Pathogen-recognition receptor expressed on the surface of immature dendritic cells (DCs) and involved in initiation of primary immune response. Thought to mediate the endocytosis of pathogens which are subsequently degraded in lysosomal compartments. The receptor returns to the cell membrane surface and the pathogen-derived antigens are presented to resting T-cells via MHC class II proteins to initiate the adaptive immune response. Probably recognizes in a calcium-dependent manner high mannose N-linked oligosaccharides in a variety of pathogen antigens, including HIV-1 gp120, HIV-2 gp120, SIV gp120, ebolavirus glycoproteins, cytomegalovirus gB, HCV E2, dengue virus gE, Leishmania pifanoi LPG, Lewis-x antigen in Helicobacter pylori LPS, mannose in Klebsiella pneumonae LPS, di-mannose and tri- mannose in Mycobacterium tuberculosis ManLAM and Lewis-x antigen in Schistosoma mansoni SEA. Homotetramer. Binds to many viral surface glycoproteins such as HIV-1 gp120, HIV-2 gp120, SIV gp120, ebolavirus envelope glycoproteins, cytomegalovirus gB, HCV E2 and dengue virus major envelope protein E. Predominantly expressed in dendritic cells and in DC-residing tissues. Also found in placental macrophages, endothelial cells of placental vascular channels, peripheral blood mononuclear cells, and THP-1 monocytes. 13 isoforms of the human protein are produced by alternative splicing. Note: This description may include information from UniProtKB.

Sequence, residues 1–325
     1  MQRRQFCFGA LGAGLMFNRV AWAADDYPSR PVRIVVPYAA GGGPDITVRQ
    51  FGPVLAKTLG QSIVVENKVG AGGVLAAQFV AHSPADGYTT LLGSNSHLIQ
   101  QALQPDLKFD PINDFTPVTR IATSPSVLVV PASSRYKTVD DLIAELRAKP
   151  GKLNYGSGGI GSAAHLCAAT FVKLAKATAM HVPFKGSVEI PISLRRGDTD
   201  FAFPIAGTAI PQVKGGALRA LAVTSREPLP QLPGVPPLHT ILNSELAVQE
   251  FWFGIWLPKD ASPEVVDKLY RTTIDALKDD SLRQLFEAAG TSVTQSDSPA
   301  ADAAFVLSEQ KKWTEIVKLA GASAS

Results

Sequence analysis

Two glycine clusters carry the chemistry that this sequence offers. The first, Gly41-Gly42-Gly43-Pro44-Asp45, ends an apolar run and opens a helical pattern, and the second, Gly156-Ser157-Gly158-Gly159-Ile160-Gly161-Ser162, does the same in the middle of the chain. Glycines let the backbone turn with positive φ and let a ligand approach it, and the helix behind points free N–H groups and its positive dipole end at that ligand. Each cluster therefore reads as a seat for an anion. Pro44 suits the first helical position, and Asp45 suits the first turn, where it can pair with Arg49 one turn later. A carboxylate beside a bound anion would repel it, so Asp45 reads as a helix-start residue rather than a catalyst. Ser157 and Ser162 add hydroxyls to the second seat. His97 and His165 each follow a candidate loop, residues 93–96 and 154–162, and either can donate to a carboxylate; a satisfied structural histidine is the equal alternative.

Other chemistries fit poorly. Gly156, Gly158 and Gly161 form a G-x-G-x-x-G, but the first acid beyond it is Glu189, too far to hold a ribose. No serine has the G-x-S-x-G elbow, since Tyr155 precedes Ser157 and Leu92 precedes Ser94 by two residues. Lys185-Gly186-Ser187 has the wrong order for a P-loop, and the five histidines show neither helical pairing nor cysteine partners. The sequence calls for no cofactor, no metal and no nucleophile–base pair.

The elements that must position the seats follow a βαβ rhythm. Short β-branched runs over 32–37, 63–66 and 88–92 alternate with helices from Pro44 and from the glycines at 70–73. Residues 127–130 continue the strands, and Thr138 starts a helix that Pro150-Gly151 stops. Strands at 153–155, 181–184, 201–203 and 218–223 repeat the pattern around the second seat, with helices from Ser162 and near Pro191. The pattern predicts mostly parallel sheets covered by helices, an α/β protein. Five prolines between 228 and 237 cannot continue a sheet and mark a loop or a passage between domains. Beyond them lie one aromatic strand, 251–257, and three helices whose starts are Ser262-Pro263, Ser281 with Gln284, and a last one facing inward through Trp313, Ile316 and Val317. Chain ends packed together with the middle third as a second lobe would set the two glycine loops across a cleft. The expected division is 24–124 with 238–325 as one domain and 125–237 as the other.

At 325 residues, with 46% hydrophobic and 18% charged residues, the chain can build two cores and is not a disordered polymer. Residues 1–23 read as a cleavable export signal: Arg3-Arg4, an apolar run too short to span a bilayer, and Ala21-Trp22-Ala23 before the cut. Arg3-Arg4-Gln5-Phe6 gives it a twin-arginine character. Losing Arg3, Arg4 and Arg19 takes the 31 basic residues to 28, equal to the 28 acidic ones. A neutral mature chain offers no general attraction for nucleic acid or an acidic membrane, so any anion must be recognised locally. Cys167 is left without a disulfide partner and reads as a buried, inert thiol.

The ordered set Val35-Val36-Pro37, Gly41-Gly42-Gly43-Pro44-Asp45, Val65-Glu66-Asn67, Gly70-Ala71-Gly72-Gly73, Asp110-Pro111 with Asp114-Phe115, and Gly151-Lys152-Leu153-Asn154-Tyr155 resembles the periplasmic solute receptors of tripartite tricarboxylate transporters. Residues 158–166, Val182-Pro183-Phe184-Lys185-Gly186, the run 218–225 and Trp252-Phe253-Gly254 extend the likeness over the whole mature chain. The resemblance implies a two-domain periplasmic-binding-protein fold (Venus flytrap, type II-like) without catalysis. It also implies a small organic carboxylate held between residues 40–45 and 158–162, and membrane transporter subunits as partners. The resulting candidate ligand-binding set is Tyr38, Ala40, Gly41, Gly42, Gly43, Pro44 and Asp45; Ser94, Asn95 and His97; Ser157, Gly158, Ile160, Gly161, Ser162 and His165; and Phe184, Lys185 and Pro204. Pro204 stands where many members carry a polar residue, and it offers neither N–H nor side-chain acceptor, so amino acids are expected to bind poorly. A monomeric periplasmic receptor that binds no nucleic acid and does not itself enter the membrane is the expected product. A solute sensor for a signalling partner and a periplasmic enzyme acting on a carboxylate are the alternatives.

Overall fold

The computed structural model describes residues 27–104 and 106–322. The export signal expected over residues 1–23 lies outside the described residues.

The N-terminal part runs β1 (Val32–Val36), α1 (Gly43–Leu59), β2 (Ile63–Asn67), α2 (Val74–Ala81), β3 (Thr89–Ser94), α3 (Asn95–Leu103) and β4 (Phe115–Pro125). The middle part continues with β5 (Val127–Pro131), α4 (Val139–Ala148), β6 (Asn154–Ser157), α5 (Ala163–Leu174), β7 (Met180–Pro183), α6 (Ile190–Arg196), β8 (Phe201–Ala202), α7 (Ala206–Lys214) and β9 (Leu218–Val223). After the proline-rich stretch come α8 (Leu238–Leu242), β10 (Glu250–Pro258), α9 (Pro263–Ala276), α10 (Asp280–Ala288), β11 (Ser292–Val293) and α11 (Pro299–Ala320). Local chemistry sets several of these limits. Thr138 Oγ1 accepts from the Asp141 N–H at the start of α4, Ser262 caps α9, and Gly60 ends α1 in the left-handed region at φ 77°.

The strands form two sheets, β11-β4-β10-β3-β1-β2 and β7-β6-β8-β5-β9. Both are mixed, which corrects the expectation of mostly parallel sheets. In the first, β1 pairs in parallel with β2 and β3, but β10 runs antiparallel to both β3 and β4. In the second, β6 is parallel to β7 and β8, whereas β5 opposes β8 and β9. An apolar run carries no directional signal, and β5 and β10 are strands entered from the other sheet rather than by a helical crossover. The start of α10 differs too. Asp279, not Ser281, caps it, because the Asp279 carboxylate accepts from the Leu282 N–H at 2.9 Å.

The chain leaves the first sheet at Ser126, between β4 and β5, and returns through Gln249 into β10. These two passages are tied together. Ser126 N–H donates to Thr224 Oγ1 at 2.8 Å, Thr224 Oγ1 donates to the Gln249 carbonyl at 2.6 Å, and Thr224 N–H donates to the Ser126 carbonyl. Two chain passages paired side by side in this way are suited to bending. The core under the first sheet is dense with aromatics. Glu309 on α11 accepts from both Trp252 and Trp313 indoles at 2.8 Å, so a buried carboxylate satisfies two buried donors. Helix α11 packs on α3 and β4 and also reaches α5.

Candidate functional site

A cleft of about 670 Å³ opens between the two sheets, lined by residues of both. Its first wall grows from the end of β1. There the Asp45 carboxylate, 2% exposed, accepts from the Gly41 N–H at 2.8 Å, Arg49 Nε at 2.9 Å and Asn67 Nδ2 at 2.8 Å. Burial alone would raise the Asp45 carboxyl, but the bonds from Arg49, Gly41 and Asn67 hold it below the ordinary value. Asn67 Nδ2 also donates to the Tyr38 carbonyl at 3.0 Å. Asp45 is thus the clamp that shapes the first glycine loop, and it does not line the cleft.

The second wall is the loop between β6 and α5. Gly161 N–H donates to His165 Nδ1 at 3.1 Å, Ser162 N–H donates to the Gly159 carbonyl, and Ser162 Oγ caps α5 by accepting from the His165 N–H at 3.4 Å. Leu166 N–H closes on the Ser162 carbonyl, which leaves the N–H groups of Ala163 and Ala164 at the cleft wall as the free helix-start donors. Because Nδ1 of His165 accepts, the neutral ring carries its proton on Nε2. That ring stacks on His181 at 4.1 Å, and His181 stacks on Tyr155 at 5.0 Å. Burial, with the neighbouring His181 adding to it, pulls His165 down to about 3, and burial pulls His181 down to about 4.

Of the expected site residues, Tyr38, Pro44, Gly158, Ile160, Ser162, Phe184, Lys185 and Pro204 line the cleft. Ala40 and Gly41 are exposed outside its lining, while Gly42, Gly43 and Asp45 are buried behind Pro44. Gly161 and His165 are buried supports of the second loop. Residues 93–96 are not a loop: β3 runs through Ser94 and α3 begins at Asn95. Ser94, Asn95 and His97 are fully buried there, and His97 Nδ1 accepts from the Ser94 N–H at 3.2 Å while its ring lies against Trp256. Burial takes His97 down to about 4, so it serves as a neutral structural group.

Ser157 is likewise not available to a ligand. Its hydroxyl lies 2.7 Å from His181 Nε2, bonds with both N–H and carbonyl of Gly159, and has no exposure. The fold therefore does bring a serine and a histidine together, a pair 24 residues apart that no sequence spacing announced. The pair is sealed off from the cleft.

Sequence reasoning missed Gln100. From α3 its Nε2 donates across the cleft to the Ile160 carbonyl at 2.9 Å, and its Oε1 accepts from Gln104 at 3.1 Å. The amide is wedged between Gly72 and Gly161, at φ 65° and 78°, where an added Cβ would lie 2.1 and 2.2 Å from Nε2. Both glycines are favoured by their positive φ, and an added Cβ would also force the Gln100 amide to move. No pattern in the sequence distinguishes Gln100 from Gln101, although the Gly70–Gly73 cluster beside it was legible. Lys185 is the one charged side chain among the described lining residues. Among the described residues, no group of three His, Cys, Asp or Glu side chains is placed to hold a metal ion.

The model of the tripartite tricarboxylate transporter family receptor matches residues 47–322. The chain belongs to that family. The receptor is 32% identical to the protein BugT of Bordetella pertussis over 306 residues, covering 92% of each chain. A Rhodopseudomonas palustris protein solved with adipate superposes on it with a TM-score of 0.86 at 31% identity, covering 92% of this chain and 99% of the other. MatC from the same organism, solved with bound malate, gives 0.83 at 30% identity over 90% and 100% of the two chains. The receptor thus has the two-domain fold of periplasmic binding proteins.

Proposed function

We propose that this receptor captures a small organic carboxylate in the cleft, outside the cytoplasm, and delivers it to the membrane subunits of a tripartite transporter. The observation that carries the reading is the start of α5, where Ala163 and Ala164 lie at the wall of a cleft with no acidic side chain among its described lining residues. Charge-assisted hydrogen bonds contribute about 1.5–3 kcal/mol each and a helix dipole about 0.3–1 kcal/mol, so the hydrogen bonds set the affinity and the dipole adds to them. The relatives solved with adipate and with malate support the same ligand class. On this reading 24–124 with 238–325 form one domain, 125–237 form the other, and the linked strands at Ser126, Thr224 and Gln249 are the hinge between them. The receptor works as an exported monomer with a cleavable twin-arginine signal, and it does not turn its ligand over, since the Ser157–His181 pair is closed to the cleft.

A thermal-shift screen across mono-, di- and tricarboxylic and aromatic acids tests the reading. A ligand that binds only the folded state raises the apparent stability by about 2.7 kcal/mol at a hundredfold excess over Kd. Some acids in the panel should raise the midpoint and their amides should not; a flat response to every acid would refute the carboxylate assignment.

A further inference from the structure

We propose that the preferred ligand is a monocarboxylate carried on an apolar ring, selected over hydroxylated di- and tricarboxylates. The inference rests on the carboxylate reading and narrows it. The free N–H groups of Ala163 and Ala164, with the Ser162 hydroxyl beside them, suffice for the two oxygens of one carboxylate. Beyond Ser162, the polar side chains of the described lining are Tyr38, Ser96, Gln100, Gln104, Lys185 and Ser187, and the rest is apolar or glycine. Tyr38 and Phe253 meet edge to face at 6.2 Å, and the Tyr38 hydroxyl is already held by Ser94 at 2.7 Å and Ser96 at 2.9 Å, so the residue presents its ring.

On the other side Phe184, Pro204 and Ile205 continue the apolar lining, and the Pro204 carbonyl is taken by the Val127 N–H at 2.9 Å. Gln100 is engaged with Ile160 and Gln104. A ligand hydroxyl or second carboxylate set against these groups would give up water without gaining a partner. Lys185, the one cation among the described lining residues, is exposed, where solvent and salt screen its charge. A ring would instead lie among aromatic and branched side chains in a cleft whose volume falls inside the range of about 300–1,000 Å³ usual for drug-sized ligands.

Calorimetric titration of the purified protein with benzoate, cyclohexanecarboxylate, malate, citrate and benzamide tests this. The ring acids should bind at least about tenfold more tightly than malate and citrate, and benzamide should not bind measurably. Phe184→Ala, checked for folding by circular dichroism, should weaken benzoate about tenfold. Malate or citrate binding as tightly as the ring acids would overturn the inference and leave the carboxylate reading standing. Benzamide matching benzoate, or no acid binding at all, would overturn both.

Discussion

Protein type: Membrane protein, integral
Cellular Component: membrane; cytoplasm; extracellular region; integral to membrane; plasma membrane
Molecular Function: mannose binding; peptide antigen binding; metal ion binding; virion binding; carbohydrate binding
Biological Process: heterophilic cell adhesion; cell-cell recognition; antigen processing and presentation; leukocyte adhesion; virus-host interaction; regulation of T cell proliferation; innate immune response; peptide antigen transport; endocytosis; viral genome replication; virion attachment to host cell surface receptor
SS: The number of records in which this modification site was determined using site-specific methods. SS methods include amino acid sequencing, site-directed mutagenesis, modification site-specific antibodies, specific MS strategies, etc.